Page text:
As I mentioned in my inaugural column, I work for Microsoft where I'm building a community calendar system on the Azure cloud platform. Like other calendar systems, mine (obviously) runs in the cloud. But unlike other systems, mine isn't a database that users dump information into. Rather, it's a hub that coordinates flows of data from users' own cloud-based services.
I want everyone who is the authoritative source for some stream of data to actually be the authoritative source. If you are sponsoring a church supper on Saturday, I want you to record the details of that event once, in your church's own cloud-based calendar service, in a way that enables the information to appear on your site and also syndicate into other contexts: the local newspaper's website, a hyperlocal blog, the chamber of commerce site. The syndication hub that my service provides (for any city or town) enables these kinds of sites to gather, merge, and display calendar events from the church, the schools, downtown merchants, the hospital, sports leagues, the jazz club, the library, and other sources.
When I explain the model, everyone gets it.
"So I just record the information once?"
"And then I don't have to go to the newspaper's site, and the chamber of commerce site, and other places, and retype the information, because they can get it automatically?"
"And if I change the time, those other sites will automatically get updated with the new time?"
What's unclear, though, is how to make this magic happen. People think it requires expensive heavy lifting by IT pros. It doesn't. The solution is so laughably simple that almost nobody sees it. Just use an ordinary calendar application, one that you may in fact already use, like Google Calendar or Hotmail Calendar. Everyone understands that these applications are convenient to use because they run in the browser. Almost nobody gets this corollary: because these apps run in the cloud, you don't need to manually export data from them and send it to other people who will manually import (or worse, retype) the data. Those other people's computers -- smartphones, PCs, or virtual machines running in the cloud -- can subscribe to the data feeds provided by your cloud-based calendar.
When I try to explain this idea I run into a couple of conceptual hurdles. First is the notion of a data feed. In this case, that means a URL that responds with data in iCalendar format, which is the long-established standard way to exchange calendar data. An alarmingly large percentage of otherwise well-educated and intelligent people have never been taught what such standards are and why they matter. "We publish Weekly.PDF on the website," a high school principal told me, "isn't that good enough?" No, and neither are the smartly designed web pages that so many organizations have paid developers to create. Those web pages represent calendar information for human use, but with respect to data syndication they are inaccessible silos. As are the web pages produced by the calendar modules included with many if not most content management systems. (Yes, I'm looking at you, Constant Contact, among many others.)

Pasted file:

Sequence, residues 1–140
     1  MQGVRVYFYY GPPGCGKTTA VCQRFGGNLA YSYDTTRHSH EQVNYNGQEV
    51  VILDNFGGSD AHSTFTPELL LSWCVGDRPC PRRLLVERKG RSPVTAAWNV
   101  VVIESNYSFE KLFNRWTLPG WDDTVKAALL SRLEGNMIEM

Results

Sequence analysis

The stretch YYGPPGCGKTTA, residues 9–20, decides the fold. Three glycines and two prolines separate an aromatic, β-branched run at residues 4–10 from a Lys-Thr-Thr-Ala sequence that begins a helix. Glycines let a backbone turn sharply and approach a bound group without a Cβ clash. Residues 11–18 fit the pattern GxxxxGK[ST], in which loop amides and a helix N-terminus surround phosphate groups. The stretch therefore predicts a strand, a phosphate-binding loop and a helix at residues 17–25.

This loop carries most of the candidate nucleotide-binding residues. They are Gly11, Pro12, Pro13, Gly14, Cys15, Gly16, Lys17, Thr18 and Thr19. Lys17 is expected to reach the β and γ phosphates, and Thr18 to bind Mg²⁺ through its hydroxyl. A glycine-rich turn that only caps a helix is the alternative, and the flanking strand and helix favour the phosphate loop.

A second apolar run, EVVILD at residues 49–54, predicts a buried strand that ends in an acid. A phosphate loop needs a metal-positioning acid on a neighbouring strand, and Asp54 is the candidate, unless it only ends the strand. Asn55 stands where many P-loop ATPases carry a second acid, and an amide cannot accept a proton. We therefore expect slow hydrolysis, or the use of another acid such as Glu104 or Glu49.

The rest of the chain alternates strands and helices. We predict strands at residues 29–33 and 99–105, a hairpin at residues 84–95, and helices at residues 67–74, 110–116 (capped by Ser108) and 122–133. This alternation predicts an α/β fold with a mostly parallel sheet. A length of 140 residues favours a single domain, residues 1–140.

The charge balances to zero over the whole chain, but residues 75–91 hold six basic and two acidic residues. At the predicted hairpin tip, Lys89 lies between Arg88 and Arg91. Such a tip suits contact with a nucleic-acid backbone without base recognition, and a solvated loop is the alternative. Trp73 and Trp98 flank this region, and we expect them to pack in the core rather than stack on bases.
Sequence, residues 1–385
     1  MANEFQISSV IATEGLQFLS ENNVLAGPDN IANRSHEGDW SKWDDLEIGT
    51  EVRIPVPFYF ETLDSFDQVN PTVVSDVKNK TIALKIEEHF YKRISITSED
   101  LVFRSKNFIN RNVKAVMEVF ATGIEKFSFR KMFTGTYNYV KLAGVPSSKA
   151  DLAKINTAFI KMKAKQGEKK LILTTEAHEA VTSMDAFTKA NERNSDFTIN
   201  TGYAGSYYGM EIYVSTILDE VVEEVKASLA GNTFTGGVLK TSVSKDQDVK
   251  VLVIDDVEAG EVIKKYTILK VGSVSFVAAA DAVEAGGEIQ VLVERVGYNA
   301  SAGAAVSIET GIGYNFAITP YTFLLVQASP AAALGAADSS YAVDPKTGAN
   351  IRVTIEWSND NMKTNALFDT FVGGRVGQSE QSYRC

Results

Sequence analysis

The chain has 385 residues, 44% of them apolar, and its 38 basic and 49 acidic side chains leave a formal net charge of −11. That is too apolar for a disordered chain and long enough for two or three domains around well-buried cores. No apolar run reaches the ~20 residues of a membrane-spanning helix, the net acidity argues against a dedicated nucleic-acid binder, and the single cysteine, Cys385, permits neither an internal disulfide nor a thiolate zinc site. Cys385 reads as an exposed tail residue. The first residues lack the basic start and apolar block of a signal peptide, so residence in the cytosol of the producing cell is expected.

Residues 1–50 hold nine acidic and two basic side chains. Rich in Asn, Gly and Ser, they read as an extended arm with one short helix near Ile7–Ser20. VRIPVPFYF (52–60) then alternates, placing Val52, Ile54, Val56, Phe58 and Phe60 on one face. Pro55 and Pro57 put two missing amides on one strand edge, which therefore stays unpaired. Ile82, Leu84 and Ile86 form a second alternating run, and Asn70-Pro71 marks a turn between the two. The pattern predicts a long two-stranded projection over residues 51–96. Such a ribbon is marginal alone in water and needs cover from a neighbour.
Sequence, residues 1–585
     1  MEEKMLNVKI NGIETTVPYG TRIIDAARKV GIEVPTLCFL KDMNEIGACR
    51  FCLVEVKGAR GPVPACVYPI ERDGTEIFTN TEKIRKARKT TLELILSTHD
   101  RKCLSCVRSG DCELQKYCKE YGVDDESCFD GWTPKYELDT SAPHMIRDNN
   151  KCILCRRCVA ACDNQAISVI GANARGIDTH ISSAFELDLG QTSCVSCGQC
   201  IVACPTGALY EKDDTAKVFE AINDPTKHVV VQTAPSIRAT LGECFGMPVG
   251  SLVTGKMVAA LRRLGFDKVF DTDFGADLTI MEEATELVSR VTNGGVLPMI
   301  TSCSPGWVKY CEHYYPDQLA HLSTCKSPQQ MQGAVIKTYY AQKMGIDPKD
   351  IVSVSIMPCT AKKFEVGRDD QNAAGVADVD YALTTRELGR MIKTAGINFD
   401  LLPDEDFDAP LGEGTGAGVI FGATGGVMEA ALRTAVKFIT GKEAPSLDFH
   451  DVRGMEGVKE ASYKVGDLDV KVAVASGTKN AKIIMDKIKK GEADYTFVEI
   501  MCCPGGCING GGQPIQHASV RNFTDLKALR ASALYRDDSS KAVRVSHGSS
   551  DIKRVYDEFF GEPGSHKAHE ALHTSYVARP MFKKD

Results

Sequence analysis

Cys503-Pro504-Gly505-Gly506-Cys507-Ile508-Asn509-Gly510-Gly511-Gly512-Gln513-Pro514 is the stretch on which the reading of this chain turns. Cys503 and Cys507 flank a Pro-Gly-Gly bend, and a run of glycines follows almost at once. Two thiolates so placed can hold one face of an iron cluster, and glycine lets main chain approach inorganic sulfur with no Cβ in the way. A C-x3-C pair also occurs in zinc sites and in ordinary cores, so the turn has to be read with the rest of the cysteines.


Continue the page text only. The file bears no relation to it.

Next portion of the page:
Somehow we need to teach people that a canonical source of data can, and should, have multiple representations. The web page is for people to view and interact with your calendar. The iCalendar feed is for computers to syndicate your calendar. I focus on Google Calendar and Hotmail Calendar because these apps meet both needs. When you share a public calendar, they give you some HTML code that you can use to embed a human-readable representation on your website. And they also give you an iCalendar URL that provides the corresponding machine-readable data feed.
The notion that the URL points to a data feed is another major conceptual hurdle. If you need something from me, a million years of evolution taught us how that must work. I hand it over to you. If I also need the thing that you need, then I make a copy, hand over the copy, and keep the original. When the thing in question is a chunk of information we reify it as an exchangeable object: a piece of paper, an email attachment. That's the physics of the real world.
In the virtual realm, though, different laws of physics apply. I can simply refer to the thing you need. I hand you the reference instead of the thing, I still have the thing, you have it too, and we only need to do that transaction once. Thereafter when I change the thing, you have my changes too, no need for me to send another fax or email attachment. The principles at work here -- indirection, linking, automatic data exchange -- are inherent to cloud-based systems. Computer programmers and information scientists realize that, but it's still far from obvious to most other people.
I want to use the humble example of a church supper -- recorded in Google Calendar or Hotmail Calendar, published on a website, and syndicated to other sites -- to illustrate a general idea about personal (and organizational) clouds. They can, or anyway should, be active participants in an ecosystem of data exchange that puts everybody in control of their own information and requires nobody to copy and paste it elsewhere.